The Fault in Our Stars may be one of the most beloved books of the last few years, but, like any good novel, it's gotten its fair share of criticism. When first released, some critics questioned whether its dark, cancer-centric storyline was appropriate for teenagers, while others condemned the book for its "too sad" ending (as if that's a reason to dislike something). Others, meanwhile, panned the novel's dialogue, particularly the mature, thoughtful, and yes, somewhat pretentious words coming from the mouth of Augustus Waters. In a interview with Rookie posted on Tuesday, John Green shared his response to those who felt TFIOS ' protagonists were too smart for their own good.
“I don’t think adults give teenagers enough credit as intellectually engaged people," Green said. "The way teens approach big, important, interesting questions is more interesting than how adults do, because they tend to ask them without fear or embarrassment. They’re willing to ask why suffering exists, or ‘What’s the meaning of life?’ Adults ask those questions under 72 layers of irony for fear of appearing unsophisticated.”
Shailene Woodley, who plays Hazel in the upcoming film, has a similar view, saying that Hazel's sophistication comes from her not thinking "she’s special in any way shape or form... I’m inspired by her ability to recognize the faults in the world and to see the wrong in them, but not feel like it’s her job to correct them. Those are important lessons for all of us to learn.”
Still, Green acknowledged that his characters don't talk exactly like typical teenagers, but instead, like the way teens “want to think they talk.” And it's true; what teen, or really, what person of any age, wouldn't want to be as eloquent as Gus is when talking about love, oblivion, or even the meaning of an unlit cigarette?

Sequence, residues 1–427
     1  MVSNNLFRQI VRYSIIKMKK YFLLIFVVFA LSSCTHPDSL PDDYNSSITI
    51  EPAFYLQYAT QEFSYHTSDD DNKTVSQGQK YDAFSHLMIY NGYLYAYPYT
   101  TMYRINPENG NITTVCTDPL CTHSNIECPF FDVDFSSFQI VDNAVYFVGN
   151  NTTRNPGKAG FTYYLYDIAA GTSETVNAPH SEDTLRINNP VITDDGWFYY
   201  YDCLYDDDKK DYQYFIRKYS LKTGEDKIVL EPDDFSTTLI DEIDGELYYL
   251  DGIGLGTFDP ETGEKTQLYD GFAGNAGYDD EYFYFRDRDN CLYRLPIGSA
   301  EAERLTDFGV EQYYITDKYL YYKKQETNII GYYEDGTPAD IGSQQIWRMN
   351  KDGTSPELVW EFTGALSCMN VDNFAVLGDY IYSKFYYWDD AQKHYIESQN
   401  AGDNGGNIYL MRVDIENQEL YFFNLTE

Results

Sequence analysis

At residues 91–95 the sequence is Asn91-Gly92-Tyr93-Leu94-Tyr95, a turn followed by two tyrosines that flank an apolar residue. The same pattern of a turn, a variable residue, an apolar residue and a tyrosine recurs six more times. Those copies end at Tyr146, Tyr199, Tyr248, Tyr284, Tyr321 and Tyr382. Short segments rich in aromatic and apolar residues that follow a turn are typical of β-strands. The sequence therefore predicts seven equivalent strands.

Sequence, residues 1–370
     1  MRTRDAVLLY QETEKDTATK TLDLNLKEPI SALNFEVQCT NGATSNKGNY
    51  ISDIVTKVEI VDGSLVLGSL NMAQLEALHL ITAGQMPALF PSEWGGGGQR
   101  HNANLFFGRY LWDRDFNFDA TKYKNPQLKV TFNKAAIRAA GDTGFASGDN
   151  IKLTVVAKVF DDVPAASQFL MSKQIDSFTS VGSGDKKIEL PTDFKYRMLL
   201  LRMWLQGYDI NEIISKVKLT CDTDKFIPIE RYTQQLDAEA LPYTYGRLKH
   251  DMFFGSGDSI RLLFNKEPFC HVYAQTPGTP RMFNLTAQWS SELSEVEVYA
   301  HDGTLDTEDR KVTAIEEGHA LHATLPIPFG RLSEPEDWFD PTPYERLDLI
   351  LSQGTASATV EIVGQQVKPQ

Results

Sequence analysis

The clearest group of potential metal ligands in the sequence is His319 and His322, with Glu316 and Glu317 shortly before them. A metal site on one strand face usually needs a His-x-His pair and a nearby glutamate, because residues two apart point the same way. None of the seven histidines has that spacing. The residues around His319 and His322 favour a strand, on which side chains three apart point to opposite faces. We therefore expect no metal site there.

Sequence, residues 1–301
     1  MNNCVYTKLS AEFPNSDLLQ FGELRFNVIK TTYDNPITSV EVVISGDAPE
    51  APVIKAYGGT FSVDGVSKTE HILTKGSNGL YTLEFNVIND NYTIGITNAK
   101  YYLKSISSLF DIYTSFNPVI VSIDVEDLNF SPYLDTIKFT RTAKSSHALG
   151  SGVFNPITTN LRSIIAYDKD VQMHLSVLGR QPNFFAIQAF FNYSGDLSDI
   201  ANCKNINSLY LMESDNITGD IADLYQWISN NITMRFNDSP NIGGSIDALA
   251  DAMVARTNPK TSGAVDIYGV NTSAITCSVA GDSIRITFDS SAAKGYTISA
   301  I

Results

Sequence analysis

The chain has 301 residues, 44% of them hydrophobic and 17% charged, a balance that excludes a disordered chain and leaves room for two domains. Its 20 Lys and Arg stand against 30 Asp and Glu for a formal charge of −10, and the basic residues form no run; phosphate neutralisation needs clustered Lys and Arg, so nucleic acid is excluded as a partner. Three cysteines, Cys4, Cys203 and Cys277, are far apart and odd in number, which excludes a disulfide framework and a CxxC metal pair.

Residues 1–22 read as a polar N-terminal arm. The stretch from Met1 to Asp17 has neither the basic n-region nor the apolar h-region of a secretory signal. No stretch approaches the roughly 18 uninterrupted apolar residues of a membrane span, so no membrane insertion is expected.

Elsewhere in the interview, Green revealed trivia like the meaning of the name Hazel (to represent the character being in-between worlds, since the color hazel is between brown and green), and the reason he won't describe what happens after the book's end (“when you start giving people answers to things outside the text, it gives the author a power I don’t want to have.") Ansel Elgort, meanwhile, discussed the famous scene in which Gus becomes sick at the gas station, calling it "the toughest thing I’ve done as an actor,” while Nat Wolff, who plays Isaac, reminisced on famous "night of the broken trophies."
Articles like this just get us more and more excited for the movie, which will premiere in the U.S. in only ten more days. TFIOS fans, prepare yourselves; if the movie cast's own words are any indication, the film is going to be just as emotionally draining as the book, in the best way possible.
Said Woodley: “the thing about John Green, and this book, is that these aren’t new ideas—it’s just a way of articulating these thoughts we have in our hearts, in words that make sense. People are going to see it and be affected.”